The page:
Symphony No. 1                (In Memoriam, Dresden, 1945)                  Daniel Bukvich             Presented by Mr. Si...
History of this composition   Written as Mr. Bukvich’s master’s thesis dealing    with contemporary notation (1978).   W...
More information   Based on a famous chord used by Duke    Ellington -- C, Db, E, G   Harmonic & melodic ideas are used ...
Where is Dresden, Germany?
Before the Bombing   1920’s was the world focus in fine and    visual arts.   Saxon State Opera Orchestra   Dresden Sta...
I. Prologue   This movement establishes the mood of    impending disaster and presents the    thematic material upon whic...
II. Seeds in the Wind   The title of this movement refers to the    method of "seeding" the bomb target with    jellied g...
III. Ave Maria   The material in this movement reflects upon    the religious and artistic heritage of    Dresden and bec...
IV. Fire Storm   In this movement, the    sounds of the "Fire    Storm" are recreated.    Musically, the last    movement...
Listening to the  Recording
The Story   Rationale for Bombings   The Attacks   Firestorm "Feuersturm"
More Pictures
Air Raid Totals (2 Raids)   ~ 7,000 high explosive bombs   ~ 4,500 “J-bombs”   ~ 400,000+ incendiaries   ~ 25,000-35,0...
Psychological Warfare   Bombers also dropped bundles and    bundles of psychological leaflets   Fake ration cards
Example Leaflet
Personal Reminiscences Collected   “The firestorm [was] incredible, there [were] calls    for help and screams from somew...
Another Reminiscence   “We saw the burning street, the falling ruins and the    terrible firestorm. My mother covered us ...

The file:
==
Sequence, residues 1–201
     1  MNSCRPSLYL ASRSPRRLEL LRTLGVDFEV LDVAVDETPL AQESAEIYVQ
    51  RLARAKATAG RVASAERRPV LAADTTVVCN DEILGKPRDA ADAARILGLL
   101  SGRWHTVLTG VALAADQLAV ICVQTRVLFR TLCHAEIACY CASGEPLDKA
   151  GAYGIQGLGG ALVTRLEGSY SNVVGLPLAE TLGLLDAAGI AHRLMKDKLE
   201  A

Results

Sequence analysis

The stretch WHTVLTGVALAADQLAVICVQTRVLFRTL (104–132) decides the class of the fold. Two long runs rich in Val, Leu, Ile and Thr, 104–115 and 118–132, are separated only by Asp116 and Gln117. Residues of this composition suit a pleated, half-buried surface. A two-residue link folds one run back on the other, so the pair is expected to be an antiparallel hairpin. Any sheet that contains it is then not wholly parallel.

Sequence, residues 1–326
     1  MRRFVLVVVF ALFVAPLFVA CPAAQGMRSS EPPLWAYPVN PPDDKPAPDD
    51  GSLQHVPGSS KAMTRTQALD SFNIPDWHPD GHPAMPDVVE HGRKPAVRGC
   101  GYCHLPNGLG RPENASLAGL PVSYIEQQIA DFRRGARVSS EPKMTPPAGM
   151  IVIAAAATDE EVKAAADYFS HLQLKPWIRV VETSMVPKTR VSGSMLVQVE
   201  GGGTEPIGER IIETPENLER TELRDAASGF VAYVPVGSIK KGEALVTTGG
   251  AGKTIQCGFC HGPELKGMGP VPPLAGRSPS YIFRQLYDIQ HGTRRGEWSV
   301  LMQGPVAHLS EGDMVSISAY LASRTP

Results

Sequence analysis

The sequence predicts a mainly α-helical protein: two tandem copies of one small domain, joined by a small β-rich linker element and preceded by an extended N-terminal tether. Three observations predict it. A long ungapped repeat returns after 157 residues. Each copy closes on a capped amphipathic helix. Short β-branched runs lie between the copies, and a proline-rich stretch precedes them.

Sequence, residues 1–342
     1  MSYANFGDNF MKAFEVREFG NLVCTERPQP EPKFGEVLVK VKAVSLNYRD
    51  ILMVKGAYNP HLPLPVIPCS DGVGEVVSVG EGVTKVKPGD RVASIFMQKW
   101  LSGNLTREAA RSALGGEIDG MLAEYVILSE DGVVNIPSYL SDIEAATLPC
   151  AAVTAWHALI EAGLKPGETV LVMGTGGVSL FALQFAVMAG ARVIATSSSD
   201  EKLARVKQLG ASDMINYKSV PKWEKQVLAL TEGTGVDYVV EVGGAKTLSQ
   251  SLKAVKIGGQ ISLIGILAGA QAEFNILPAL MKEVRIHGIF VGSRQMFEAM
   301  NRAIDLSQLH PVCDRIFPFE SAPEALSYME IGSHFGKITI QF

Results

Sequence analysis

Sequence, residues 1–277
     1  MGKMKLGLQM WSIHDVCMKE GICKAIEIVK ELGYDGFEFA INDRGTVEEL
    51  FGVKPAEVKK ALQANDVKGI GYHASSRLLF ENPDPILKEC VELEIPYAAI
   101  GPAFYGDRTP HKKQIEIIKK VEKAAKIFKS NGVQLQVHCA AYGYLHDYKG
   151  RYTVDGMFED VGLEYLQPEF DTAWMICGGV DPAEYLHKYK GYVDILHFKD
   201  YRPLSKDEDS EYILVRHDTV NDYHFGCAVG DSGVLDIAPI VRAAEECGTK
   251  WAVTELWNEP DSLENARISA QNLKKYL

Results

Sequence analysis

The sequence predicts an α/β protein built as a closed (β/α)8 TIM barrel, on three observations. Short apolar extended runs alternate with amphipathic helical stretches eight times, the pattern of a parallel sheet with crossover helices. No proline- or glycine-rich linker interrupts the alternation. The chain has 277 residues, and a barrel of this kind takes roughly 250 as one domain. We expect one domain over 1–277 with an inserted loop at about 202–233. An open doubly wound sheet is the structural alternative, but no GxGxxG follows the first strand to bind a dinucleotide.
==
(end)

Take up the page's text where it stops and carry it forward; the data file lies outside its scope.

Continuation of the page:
Dresden Today   Since the re-unification of Germany (1990)   Trying to regain cultural importance
Frauenkirche       1880    2006
Dresden Today   Scars of the attacks still exist
Related information   Berlin/Hamburg bombings   Leaflets are still used in today’s war   War Crime?   The end of the w...
Resources Cited   No Author (2007). Bombing of Dresden in World War II. Retrieved February 15, 2007, from            Wiki...
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Symphony No. 1 - In Memoriam, Dresden, 1945

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Daniel Bukvich This PowerPoint presentation focuses the history of the Dresden bombing, history
Piece Duration: 6 1/2 minutes of the composition and composer, photos of Dresden before and after, and personal
Presentation Duration: 30-45 minutes accounts from the victims of the boming. Seperate from the PowerPoint is a hand-out to
students for simple vocalizations for the spoken German words.

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  • Symphony No. 1 (In Memoriam, Dresden, 1945) by Daniel Bukvich (1978) Piece Duration: 6 1/2 minutes Presentation Duration: 30-45 minutes
  • Famous composition by Daniel Bukvich: Voodoo, and has been recorded world wide. Incorporates contemporary notation.
  • [Play chord on piano, examples of the main melody or harmonic use]
  • Eastern part of Germany.
  • Architecture and music One of the oldest orchestra (1548) – known as the Strauss-Orchestra (due to Richard Strauss’ time spent in Dresden) Also molded by Carl Maria von Weber and Richard Wagner Home to the World’s most important museum and collection of art Many buildings still remain, a lot destroyed in the bombing ~642,000 people lived in Dresden, Germany
  • - RAF (Royal Air Force) Lancaster Bombers
  • St. Olaf Band: A Musical Observance (WCD 29623) Return to slide #6 and scroll through movements as they are performed in the recording.